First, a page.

Nichols noted too that according to the coordinating board, 99 percent of students who enrolled in the state’s public universities from fall 2009 through fall 2011 had completed Algebra II--and 1 percent or fewer won admission without it.
Van de Putte said students must pass Algebra II to be eligible for college admission under the state’s "top 10 percent" law.
Algebra II is among courses built into the state’s recognized or distinguished achievement graduation plans, which both qualify a graduate for consideration under the 10-percent law. But the law also enables a student to win consideration without taking Algebra II and other college-oriented courses by doing well on the ACT or SAT.
Practically speaking, it makes sense to us that most high-ranking graduates seeking admission to the state’s public universities have taken Algebra II. However, it’s simply not required to qualify for consideration under the "top 10 percent" law, making this claim Mostly False.
"Top 10 percent" documents, "NOTIFICATION OF ELIGIBILITY FOR AUTOMATIC COLLEGE ADMISSION FOR STUDENTS ELIGIBLE TO ENTER COLLEGE IN 2013," "Graduation Credit Requirements for Students Entering Ninth Grade Beginning in 2012-13," Texas Education Agency (downloaded May 17, 2013)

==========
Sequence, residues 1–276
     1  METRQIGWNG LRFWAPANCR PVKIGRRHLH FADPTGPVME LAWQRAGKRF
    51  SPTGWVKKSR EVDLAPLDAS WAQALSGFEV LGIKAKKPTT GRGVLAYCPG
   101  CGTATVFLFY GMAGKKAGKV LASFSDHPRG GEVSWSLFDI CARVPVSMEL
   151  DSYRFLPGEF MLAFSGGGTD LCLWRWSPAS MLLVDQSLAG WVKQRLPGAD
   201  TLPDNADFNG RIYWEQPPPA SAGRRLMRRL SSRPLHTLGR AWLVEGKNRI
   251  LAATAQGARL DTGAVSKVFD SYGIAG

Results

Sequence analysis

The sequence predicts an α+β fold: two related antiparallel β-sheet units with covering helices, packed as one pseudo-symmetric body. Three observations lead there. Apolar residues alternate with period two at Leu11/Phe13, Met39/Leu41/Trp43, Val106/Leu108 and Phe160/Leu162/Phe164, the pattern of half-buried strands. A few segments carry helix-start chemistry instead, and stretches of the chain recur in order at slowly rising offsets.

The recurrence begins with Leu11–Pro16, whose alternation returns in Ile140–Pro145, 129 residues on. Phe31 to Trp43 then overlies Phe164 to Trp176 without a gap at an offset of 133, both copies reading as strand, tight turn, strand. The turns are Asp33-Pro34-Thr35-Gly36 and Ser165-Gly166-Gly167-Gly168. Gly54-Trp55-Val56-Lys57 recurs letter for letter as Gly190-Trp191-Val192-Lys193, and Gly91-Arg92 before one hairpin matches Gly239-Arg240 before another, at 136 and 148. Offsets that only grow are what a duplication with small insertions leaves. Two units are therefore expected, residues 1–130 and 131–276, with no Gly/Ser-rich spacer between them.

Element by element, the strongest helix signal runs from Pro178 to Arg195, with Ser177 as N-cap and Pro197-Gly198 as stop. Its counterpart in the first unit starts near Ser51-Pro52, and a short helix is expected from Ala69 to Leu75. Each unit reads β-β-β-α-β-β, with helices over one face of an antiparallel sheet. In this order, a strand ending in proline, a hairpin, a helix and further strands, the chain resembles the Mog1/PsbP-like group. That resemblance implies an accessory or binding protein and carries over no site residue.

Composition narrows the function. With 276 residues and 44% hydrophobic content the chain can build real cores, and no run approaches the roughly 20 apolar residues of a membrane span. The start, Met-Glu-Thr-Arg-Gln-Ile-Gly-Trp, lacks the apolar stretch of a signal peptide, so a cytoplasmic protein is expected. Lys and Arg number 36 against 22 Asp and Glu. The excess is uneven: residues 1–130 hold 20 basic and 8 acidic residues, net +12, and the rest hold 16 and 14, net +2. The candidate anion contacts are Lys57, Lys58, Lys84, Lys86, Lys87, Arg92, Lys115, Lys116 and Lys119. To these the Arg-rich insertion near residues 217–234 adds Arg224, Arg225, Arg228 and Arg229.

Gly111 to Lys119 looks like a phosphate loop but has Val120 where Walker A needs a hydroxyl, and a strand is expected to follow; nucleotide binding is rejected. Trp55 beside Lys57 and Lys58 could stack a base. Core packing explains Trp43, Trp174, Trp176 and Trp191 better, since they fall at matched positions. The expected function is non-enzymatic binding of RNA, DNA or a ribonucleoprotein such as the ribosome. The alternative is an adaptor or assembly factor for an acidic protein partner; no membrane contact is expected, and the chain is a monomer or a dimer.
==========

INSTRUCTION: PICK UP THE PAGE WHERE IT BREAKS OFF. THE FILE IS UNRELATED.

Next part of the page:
Booklet, "College Readiness Standards," ACT, 2011 (accessed May 17, 2013)
Emails (excerpted), Dominic Chavez, senior director, External Relations, Texas Higher Education Coordinating Board, May 17, 2013
Texas Education Code, Chapter 51, Subchapter U, "Uniform Admission Policy," Texas Legislature Online (accessed May 17, 2013)
Emails (excerpted), Lee Nichols, communications director, Sen. Leticia Van de Putte, May 17, 2013
Emails, Gary Susswein, director of media relations, University of Texas, Austin, May 20, 2013